I’m not going to go down the, “Islam is a religion of peace,” road or the, “Islamists want all infidels dead,” road because both are clearly vastly broad generalizations and to the exact extent of the obvious violence neither is true of all of the 1.7 billion Muslims around the world. If the more reputable surveys are true the 1.7 billion breaks down into 225 million reformists, 170 million potentially violent radicals, and 1.3 billion who are somewhere between the two. My problem is that by lying about the contents and context of the Koran, the people passing it are castigating, not only the 170 million who justly deserve some shooting with bacon tipped hollow points, and being sent on a one way trip to Hell, without virgins, but all people of the Islamic faith whether they would tend to support us or not.

This is strategic suicide at best. It’s the provocation of genocide at worst. More than that, it smells like a setup. Think of it this way; “You never let a serious crisis go to waste. And what I mean by that it's an opportunity to do things you think you could not do before." - Rahm Emanuel.

I pointed out in my blog post, “The Anti-Liberal Techniques: Part 3,” that the driving force behind all liberalism is to kill as many people as possible while pretending to help. What better way than to produce a religious war between the two largest religions currently on the planet? Creating such a crisis is easy when you’ve got an area as violent as the Middle East has been since the beginning of time itself. And yes, the area was violent long before Islam became the new kid on the block. The massive killing of people in that part of the world is documented by the followers of Moses in Numbers, just to name one example. All you have to do is hire people to go to one side and tell them, “those people are evil and want you dead,” then go to the other side and do the same thing. Convince enough people who can’t or won’t seek the truth for themselves that “everybody over there” is against you, combined with the well documented truthfulness and hypnotic effects of the Main Stream Media (***SARCASM ALERT!!!***) and voilĂ ! You have an instant crisis that needs to be handled. Combine that with a do-nothing president with his head in the sand and a foreign policy straight from the nightmares of George Washington and you get the potential destruction of America because both sides will be screaming for the death of the other.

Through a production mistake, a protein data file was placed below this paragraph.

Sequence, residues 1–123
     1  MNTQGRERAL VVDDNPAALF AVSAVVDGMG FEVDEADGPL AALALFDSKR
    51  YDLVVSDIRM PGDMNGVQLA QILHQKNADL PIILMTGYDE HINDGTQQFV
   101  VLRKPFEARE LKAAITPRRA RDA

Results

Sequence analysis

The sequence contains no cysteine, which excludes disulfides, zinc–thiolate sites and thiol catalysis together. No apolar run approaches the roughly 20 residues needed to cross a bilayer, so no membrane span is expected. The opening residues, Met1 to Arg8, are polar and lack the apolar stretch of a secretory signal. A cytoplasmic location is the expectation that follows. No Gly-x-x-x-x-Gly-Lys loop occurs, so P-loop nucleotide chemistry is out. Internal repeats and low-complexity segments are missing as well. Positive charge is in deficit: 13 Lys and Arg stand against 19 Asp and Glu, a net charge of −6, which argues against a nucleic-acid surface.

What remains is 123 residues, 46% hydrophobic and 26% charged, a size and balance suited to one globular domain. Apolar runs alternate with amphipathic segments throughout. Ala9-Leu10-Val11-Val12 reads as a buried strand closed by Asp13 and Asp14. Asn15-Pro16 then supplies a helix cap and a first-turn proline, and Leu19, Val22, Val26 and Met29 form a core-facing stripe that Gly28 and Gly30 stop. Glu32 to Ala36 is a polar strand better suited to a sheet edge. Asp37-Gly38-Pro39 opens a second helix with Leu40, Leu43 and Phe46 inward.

Again, I am not saying Islam is great. I’m not saying it is evil. It is not my desire or responsibility to judge the rightness or wrongness of other people’s religions. What I am saying is why live with lies? They are the cause of wars. They are so antithetical to peace that there is a commandment against them! Follow the commandment. Be curious enough to seek the truth for yourself. You won’t get it from others, particularly sloppily written internet memes which are totally oblivious of context.

If it isn’t enough for you to tell the truth because of religious interests then why not take the secular argument? Pencils don’t cause you to spell words incorrectly. Spoons don’t make you fat. If you are willing to believe that guns don’t cause violence because they are inanimate objects, why on God’s Earth would you buy into the lie that a book would cause violence?

When someone says, “a Muslim beheaded somebody,” keep in mind that not all Muslims beheaded somebody! Just as if when someone shows an example of a Christian demonstrating bigotry you know that not all Christians were part of the demonstration. Such broad generalizations only have one purpose; to get people to fight each other.

The bottom line for me is that I blame the violent for violence. I blame terrorists for terrorism. I blame myself for being fat. I blame myself for my spelling. I blame the shooter for the shooting. If Islamic terrorism is a problem for you as much as it is for me, I beg you, be specific in your claims.

Having said all of this I hope I never have to write on the subject again.

2 comments:

  1. Broad generalizations make it is easy to point fingers, it makes people feel better. Then they don't have to deal with the real threats to life and freedom, like the national debt.

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  2. Yeah. Broad generalizations are a big problem. Usually they are used to cover something else up in the media. With that said terrorism is a problem and will have to be dealt with, but generalizing terrorism out over an entire religion or group of people helps nothing.